Death’s Library was, perhaps, the largest collection of books in the Discworld. I say perhaps, because the dimensions of the library of the Unseen University have never been fully measured, and indeed, several cartographers have been lost to insanity, delirium, and malevolent tomes in the attempt.
Death’s Library, however, contained the autobiography of every living thing on the Discworld, or at least, every sapient thing. Unlike the library of the Unseen University, it did have a finite beginning and end, but no mortal had ever traversed the full length of those dark, unlit halls.
The books wrote and organized themselves. When their owner’s story had ended, they shifted down the corridors to the shelves and shelves of books that had long since ceased to record their tales. It was eerie, walking down the stacks, and hearing the hushed scratching of thousands upon thousands of lives being lived. Unlike the soothing noise of the falling sand of the Room of Lifetimers, the sound of the Library made the listener anxious. It was as if at any moment you might hear one book among many suddenly cease, and you would know another tale had drawn to its close.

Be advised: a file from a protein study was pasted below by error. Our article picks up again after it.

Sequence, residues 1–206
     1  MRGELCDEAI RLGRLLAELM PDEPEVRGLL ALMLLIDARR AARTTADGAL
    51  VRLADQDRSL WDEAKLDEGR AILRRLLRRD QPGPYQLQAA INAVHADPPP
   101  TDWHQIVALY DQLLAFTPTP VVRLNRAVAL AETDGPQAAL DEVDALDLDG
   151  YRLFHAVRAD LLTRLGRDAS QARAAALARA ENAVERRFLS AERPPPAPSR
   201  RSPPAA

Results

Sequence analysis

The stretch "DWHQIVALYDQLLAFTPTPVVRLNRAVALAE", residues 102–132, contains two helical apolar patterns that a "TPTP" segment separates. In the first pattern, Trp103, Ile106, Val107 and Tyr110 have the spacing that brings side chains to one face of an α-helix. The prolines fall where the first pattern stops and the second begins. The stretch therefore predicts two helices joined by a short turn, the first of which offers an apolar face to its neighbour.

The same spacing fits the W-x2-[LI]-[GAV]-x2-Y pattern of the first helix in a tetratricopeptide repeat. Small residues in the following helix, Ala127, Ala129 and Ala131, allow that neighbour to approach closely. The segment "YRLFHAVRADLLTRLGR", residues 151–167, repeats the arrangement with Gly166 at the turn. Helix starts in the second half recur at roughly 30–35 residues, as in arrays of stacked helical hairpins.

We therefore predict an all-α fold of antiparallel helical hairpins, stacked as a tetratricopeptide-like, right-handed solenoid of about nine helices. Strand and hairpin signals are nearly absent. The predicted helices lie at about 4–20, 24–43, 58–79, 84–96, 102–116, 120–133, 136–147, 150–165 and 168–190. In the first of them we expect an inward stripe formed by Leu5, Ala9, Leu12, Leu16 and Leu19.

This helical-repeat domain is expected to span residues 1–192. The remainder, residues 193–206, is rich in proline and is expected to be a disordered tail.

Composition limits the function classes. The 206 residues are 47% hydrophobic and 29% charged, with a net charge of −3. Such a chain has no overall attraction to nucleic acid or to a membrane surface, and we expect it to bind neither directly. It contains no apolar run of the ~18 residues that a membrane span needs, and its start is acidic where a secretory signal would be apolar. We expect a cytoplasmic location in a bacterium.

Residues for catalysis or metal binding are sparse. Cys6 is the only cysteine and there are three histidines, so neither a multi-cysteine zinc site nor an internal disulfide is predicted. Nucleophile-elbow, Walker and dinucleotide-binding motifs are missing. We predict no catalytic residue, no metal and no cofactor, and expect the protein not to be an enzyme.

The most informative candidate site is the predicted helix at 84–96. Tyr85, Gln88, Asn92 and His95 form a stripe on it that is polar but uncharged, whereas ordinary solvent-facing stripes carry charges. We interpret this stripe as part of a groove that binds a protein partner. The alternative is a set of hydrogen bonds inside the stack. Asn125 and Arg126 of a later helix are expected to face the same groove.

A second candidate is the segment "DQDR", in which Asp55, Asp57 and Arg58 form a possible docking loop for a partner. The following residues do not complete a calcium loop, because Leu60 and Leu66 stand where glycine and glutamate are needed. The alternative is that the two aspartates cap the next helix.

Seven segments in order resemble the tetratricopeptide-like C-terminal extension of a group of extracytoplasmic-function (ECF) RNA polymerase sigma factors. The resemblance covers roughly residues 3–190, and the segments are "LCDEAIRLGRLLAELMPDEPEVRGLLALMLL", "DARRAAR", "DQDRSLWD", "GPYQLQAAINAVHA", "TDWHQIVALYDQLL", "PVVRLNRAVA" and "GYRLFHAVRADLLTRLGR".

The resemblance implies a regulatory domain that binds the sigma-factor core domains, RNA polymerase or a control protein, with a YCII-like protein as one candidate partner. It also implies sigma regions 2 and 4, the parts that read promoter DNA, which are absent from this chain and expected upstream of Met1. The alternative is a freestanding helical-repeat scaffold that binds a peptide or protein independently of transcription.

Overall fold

Pinkie was making such speed along the stone flooring that she was nearly galloping, but, Albert noticed, in that strange, stalking gait the Master used. Indeed, the clip-clop of her horseshoes was even beginning to sound, to Albert’s old ears, like the click-click of bone on tile.
Hurrying to keep up with her, Albert lurched along by the smoky light of an oil lantern, fearfully glancing up at the looming shelves. The last time he’d been in here, he remembered, that Boy and the Master’s Daughter had presented him with his own life. Forcefully. To the cranium. From a great height. It was an experience he was not anxious to relive.